Cryptocurrency mining centre using illegal electricity connections catches fire

The cryptocurrency mining centre at 9th Mile, Kuching, where the fire took place.

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KUCHING, Aug 18: A cryptocurrency mining centre operating among shoplots at 9th Mile here caught fire recently due to electricity theft-related wire tampering which overloaded the electrical system.

According to a media release today, Sarawak Energy said an emergency shutdown was executed immediately by its team upon being alerted by firefighters so that the fire could be extinguished safely.

The team later found 30 charred cryptocurrency mining servers at the premises but it believed that the actual number of servers could be higher due to the severity of the fire.

On site inspections also revealed that the wiring system had been tampered with and direct tapping cables were connected to the premises.

The mining servers were confined within a small space, leading to the accumulation of heat which ignited flammable egg cartons and gypsum boards nearby.

As a result of the illegal and dangerous power theft, Sarawak Energy is estimated to have incurred losses of approximately RM14,300 per month.

Burnt cryptocurrency mining servers found at 9th Mile, Kuching.

In a separate case, a cryptocurrency mining centre at Jalan Serai, Sibu, was also found to be involved in electricity theft during an operation carried out by Sarawak Energy and Sibu Police.

An electrical system overload at the Taman Ging Bo substation serving the area led to suspicions of unrecorded high consumption.

A total of 34 cryptocurrency mining servers and direct tapping cables used to steal electricity were seized. The owner of the premises was present at the time of the operation.

Police reports have been lodged over both cases and all parties involved will be called for investigations.

Sarawak Energy warned that cryptocurrency mining consumes a large amount of electricity as the servers run non-stop and require cooling units to prevent overheating.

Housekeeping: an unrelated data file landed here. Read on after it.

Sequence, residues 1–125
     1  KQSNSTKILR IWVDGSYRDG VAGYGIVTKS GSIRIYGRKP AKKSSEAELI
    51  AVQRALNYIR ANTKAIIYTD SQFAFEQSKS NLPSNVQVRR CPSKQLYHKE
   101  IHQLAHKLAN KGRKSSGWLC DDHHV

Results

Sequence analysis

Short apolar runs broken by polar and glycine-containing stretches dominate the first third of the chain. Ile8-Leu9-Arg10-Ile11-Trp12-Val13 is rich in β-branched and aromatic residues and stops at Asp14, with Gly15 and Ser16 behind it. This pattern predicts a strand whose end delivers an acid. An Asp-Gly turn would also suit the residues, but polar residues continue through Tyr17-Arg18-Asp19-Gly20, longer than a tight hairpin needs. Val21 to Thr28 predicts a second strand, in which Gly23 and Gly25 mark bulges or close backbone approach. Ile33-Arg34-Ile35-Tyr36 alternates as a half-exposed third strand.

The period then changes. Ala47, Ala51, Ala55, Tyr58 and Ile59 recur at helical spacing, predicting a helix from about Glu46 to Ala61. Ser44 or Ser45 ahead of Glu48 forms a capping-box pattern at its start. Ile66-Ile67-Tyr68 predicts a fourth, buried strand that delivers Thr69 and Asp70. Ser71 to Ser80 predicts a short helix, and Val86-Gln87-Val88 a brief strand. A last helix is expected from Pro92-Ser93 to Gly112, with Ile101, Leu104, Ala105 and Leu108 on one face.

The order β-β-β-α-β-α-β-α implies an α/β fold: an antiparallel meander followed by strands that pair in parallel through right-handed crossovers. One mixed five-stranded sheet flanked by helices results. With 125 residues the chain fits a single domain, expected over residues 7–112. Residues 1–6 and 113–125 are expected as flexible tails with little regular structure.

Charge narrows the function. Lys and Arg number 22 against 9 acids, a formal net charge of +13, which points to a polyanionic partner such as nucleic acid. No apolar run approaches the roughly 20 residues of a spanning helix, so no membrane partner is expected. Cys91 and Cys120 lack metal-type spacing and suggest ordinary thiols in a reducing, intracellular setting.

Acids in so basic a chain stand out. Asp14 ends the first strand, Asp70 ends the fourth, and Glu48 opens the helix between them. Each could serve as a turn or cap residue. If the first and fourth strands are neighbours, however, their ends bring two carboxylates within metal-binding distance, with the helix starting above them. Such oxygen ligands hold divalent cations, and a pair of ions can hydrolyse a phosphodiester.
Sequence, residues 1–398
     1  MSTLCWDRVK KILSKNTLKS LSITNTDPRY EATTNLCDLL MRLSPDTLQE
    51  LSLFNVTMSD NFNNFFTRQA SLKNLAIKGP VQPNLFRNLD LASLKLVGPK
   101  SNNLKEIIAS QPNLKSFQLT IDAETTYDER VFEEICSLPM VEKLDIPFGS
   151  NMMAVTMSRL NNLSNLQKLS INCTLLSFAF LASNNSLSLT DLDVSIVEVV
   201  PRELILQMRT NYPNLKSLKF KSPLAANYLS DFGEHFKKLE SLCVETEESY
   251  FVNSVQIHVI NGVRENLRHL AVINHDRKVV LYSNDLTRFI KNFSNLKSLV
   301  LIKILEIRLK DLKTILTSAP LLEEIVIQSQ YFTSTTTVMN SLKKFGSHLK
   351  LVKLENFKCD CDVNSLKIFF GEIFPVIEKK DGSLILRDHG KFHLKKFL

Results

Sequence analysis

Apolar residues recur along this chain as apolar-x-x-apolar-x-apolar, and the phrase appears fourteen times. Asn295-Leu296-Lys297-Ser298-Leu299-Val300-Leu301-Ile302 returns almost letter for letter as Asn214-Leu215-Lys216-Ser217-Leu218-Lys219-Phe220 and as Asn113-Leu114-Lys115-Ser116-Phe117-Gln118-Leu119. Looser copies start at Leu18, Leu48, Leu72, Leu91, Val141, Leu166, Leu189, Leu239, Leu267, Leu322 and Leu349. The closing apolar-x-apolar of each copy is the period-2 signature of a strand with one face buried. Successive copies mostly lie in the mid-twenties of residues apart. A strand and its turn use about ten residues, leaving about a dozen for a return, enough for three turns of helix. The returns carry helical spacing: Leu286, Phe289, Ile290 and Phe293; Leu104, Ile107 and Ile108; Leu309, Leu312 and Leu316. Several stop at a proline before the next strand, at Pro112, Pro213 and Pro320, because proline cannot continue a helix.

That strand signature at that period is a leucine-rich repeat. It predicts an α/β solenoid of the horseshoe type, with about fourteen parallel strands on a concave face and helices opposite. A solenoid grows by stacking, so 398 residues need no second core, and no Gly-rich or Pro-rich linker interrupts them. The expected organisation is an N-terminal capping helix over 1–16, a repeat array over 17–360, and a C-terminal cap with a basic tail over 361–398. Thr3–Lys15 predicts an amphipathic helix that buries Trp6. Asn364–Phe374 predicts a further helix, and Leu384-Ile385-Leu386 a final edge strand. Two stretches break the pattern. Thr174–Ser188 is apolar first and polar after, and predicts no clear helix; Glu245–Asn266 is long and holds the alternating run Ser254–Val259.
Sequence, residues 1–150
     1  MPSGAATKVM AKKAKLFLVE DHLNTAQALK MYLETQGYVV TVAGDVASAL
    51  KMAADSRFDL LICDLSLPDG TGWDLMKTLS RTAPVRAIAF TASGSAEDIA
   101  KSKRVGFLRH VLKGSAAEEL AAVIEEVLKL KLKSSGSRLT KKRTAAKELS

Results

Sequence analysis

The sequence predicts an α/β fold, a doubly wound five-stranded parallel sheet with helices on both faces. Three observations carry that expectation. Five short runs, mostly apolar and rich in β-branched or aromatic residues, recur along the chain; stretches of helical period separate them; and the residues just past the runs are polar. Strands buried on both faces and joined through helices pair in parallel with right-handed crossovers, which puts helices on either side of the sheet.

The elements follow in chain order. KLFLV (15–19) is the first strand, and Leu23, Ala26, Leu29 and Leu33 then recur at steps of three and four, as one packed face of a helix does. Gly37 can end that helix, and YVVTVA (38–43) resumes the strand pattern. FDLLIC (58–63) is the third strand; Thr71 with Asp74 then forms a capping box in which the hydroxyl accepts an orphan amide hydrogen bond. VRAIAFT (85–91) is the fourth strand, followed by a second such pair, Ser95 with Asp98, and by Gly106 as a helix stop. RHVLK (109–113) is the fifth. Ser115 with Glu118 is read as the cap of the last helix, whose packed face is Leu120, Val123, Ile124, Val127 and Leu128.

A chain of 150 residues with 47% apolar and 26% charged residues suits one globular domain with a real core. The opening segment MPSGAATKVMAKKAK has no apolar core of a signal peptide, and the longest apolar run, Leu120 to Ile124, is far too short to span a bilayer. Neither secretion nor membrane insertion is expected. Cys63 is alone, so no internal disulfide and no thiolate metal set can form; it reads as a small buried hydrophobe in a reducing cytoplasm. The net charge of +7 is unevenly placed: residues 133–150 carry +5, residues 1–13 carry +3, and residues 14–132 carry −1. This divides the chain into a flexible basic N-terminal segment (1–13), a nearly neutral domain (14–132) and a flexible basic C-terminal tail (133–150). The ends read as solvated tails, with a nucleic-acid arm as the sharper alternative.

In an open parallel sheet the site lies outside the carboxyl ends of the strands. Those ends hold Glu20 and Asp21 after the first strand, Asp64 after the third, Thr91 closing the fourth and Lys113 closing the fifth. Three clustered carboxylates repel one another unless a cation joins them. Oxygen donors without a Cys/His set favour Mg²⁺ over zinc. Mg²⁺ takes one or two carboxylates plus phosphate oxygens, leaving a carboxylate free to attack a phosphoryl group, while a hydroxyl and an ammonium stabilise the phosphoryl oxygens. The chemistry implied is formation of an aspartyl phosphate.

Non-standard installations commonly used in electricity theft for such energy-intensive activities can easily overload the electrical system capacity, increasing the risk of short circuits, appliance damage, fires and even cause loss of lives.

Electricity theft, the utility company reminded, is a criminal offence under Section 33(5) of the Electricity Ordinance, which carries a penalty of up to RM100,000 and/or five years of jail if found guilty.

Sarawak Energy reminded customers that tampering with wires to under-record electricity consumption is both illegal and dangerous.

In cases where electricity is stolen for cryptocurrency mining, it can also lead to outages in the surrounding areas, causing unnecessary inconvenience to neighbours.

Together with the Ministry of Utility and Telecommunication and the police, Sarawak Energy will continue to track down anyone stealing electricity for any reason whatsoever.

It is also collaborating with agencies such as the Fire and Rescue Department (Bomba) in raising awareness on safe electricity usage to prevent unwanted fires.

Members of the public are reminded not to trust service providers claiming to be able to reduce electricity use or allow premises owners to enjoy unlimited usage of electricity through meter tampering.

Meter inspection teams are trained to detect various electricity theft methods, including tampered meters, fake electricity meter covers, underground direct tapping and smart meter indications as part of Sarawak Energy’s efforts to curb power theft.

Landlords are strongly advised to conduct background checks on potential tenants, as well as to be mindful and alert of their activities to avoid being implicated in electricity theft committed at the rented premises.

To report any suspicious activities, members of the public may contact Sarawak Energy’s Customer Care Centre at 1300-88-3111 or email at customercare@sarawakenergy.com. — DayakDaily